3. Mutual interdependence – Communities are more than a collection of individuals; through interconnections between context, processes, or resources individuals can become a part of something larger, which helps provide a sense of shared purpose as well as an identity for the individual and the larger community (Barab and Duffy, 2000).Communities, whether face-to-face or on-line, are drawn together through the principles of “commonality” and “interdependence.” Commonality involves a process of working together in common areas and interests and, in the process, forming a bond or identity with one another and with the group as a whole.Interdependence implies depending on one another for information, knowledge organisation, or shared problem solving.  A desirable feature of a CoP is that varying demands and expertise exist at different levels of competency where participants can scaffold one another through the sharing of information and abilities.  It is mutual interdependence that defines community, not hierarchy.

The criteria associated with this characteristic are:

  • The group includes members who have diverse expertise and knowledge.
  • Members depend on one another for participation, shared problem solving, and completion of group tasks.
  • The group functions within a broader societal role that gives it, and the practices of the group members, meaning and purpose.

4. Overlapping histories, practices, and understandings among members – Communities are more than the simple coming together of people for a particular moment in response to a specific need or for a class.  Successful communities have an overlapping cultural and historical heritage that, in part, captures their socially negotiated meanings.  This includes shared goals, understandings, and practices.  These overlapping meanings, while being continually negotiated anew, are also inherited from previous community members’ experiences in which they were hypothesized, tested, practiced, and socially agreed upon.  “The negotiation of meaning is a productive process, but negotiating meaning is not constructing it from scratch.  Meaning is not pre-existing, but neither is it simply made up. Negotiated meaning is at once historical and dynamic, con-textual and unique” (Wenger, 1998, p. 54).  The learner has access to and functions in the context of this history of previous negotiations as well as responsiveness from the current context on the functional value of a particular meaning.

The criteria associated with this characteristic are:

  • There are mechanisms for the development of new, socially agreed upon goals, practices, and understandings.
  • There is a core knowledge base that defines what practices and meanings are associated with the group.
  • Members of the group know each other or about each other, and about those contributions that other members have made.

5. Mechanisms for reproduction – A community is constantly reproducing itself so that new members contribute, support, and eventually lead the community into the future, but do so in the context of the existing agreed upon practices, goals, and understandings.  In this manner, communities are continually replicating themselves with new members moving from peripheral participant to core member through a process of enculturation (Lave and Wenger, 1991).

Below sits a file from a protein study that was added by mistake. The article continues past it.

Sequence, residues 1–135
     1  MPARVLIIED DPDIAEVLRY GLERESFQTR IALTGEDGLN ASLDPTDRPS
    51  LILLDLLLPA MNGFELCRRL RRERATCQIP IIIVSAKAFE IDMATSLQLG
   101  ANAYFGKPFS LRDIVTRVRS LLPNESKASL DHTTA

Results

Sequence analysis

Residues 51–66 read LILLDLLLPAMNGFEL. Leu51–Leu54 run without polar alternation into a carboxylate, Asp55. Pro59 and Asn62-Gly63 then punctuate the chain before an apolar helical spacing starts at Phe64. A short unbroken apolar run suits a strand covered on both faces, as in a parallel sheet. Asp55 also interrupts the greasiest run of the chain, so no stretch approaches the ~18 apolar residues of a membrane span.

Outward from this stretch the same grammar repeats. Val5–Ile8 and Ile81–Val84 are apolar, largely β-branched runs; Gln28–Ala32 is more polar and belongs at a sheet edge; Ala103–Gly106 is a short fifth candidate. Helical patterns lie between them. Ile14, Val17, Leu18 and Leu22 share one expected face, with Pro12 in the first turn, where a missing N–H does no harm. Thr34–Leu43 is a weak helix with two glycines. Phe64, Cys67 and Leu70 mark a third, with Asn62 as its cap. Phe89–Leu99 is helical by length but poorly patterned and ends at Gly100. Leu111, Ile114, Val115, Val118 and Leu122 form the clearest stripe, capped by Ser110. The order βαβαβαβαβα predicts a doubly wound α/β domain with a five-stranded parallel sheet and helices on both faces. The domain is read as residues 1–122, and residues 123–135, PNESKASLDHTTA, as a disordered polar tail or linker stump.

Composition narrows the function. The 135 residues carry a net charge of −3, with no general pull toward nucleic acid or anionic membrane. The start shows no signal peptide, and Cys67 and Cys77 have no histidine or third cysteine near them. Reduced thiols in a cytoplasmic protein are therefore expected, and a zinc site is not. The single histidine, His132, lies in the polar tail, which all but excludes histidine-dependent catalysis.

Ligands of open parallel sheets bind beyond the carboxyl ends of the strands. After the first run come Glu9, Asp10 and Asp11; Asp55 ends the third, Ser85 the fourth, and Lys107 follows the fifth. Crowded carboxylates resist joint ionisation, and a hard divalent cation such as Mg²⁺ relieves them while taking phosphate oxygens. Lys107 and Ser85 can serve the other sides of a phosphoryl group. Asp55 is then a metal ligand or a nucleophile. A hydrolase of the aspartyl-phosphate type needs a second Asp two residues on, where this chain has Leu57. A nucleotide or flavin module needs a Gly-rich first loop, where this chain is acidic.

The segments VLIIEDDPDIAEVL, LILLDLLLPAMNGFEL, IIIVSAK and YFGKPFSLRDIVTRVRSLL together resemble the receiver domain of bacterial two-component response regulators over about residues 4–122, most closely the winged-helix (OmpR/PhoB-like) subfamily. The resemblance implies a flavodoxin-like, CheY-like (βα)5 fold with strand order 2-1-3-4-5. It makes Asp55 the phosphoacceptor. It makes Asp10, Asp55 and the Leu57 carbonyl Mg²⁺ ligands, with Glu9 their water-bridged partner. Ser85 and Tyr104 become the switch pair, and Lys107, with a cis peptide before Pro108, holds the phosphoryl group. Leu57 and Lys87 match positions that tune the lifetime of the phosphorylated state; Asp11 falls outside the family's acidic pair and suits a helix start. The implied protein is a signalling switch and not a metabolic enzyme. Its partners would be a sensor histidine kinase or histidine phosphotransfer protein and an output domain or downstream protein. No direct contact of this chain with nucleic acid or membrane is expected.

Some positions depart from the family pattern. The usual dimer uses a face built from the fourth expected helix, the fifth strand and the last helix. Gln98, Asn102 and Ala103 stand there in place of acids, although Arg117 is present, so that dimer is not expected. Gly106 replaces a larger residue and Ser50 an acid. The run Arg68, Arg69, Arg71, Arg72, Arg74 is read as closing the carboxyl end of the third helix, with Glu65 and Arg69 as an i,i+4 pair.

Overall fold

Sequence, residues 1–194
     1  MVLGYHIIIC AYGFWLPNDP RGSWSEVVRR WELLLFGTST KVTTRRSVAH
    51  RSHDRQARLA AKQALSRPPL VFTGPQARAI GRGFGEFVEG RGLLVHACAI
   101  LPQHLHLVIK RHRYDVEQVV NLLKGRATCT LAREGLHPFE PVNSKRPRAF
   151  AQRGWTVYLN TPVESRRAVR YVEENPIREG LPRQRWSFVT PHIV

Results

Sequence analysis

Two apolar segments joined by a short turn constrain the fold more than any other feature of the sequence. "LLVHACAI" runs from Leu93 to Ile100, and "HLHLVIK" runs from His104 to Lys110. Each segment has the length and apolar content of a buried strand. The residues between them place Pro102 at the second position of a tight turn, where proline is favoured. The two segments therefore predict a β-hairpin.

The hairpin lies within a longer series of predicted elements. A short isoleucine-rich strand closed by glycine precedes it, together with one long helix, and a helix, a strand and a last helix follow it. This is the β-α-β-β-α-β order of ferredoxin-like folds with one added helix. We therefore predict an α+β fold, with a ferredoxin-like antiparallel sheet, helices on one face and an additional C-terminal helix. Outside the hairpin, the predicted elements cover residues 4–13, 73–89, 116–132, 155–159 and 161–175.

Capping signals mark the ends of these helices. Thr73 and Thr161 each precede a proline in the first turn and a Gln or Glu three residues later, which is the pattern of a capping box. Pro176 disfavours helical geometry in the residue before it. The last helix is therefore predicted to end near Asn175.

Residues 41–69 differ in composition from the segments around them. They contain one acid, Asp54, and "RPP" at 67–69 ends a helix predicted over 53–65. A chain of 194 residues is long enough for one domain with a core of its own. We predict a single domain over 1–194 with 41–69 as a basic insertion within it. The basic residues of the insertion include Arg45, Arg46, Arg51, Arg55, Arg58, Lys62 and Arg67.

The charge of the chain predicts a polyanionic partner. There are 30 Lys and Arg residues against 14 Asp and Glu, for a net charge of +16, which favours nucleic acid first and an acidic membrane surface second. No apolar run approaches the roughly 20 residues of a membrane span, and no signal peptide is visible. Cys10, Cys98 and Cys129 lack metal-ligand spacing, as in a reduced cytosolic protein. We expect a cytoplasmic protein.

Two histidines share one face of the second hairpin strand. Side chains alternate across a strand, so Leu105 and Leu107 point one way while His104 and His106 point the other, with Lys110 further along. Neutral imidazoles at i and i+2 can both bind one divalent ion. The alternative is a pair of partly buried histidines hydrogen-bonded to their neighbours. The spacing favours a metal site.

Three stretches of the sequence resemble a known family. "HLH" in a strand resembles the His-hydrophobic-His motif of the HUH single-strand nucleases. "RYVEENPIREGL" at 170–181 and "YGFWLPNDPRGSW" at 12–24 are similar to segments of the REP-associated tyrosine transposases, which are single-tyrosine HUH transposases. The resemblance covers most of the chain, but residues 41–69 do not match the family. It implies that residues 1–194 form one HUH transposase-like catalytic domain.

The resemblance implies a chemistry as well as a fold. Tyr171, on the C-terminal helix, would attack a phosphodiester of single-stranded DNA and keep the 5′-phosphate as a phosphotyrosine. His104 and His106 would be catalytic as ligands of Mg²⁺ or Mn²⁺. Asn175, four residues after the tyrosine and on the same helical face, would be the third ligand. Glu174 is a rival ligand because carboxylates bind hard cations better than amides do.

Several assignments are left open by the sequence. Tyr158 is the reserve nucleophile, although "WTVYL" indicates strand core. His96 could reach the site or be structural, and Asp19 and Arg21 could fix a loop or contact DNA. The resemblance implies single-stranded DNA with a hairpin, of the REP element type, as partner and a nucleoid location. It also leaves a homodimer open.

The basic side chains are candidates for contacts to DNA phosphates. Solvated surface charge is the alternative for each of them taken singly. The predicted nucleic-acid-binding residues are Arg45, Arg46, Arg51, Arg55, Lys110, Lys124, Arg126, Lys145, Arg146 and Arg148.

The criteria associated with this characteristic are:

  • The group contains both newcomers and more experienced experts.
  • The group has a history that has continued beyond the completion of a particular problem or task.
  • The group passes through multiple cycles, with newcomers becoming old-timers.

6. Respect for diverse perspectives and minority views – To build a healthy CoP, it is important that the design for the CoP reflect the rich cultural diversity of the community’s population and increase an equal communication among members with various histories, interest, priorities, and concerns.  Diversity creates opportunities for character development by teaching tolerance and respect for people and by encouraging concern for equity.

The criteria associated with this characteristic are:

  • The environment provides even and fair opportunities for members from different backgrounds to participate in and make contributions to the group practice.
  • Members show politeness toward diverse and minority perspectives in the group.
  • Members are satisfied that their individual perspectives have been fully understood and respected.

Content sources and for further information 

Wenger, E. 1998. Communities of practice: learning, meaning and identity. Cambridge University Press, Cambridge, UK.

Wenger, E., R. McDermott, and W. Snyder. 2002. Cultivating Communities Of Practice: A Guide To Managing Knowledge. Harvard Business School Press, Cambridge, Massachusetts, USA. Website:

UDOL Academic Conference 2014 – Communities of Practice: Theories and Current Thinking.  Dr Etienne Wenger-Traynor discusses concepts of social theories of learning and how they relate to communities of practice and learning in the landscapes of practice. Published on Oct 20, 2014 by University of Derby Online Learning  UDOL Academic Conference 2014 – Communities of Practice: Theories and Current Thinking.  Published on Oct 20, 2014 by University of Derby Online Learning.  Dr Etienne Wenger-Traynor discusses concepts of social theories of learning and how they relate to communities of practice and learning in the landscapes of practice.  Social learning – a framework.  Published on Feb 23, 2015 by Wenger and Traynor.  Planning, implementing and evaluating social learning projects.

Barab, S., Warren, S., Del Valle, R., Fang, F.  2012.  Coming to Terms with Communities of Practice: A definition and operational criteria.